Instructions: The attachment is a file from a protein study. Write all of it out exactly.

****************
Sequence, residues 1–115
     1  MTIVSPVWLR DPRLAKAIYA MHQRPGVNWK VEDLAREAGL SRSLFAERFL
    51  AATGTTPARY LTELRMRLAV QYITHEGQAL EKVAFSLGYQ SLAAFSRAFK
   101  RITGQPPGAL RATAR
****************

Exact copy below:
Sequence, residues 1–115
     1  MTIVSPVWLR DPRLAKAIYA MHQRPGVNWK VEDLAREAGL SRSLFAERFL
    51  AATGTTPARY LTELRMRLAV QYITHEGQAL EKVAFSLGYQ SLAAFSRAFK
   101  RITGQPPGAL RATAR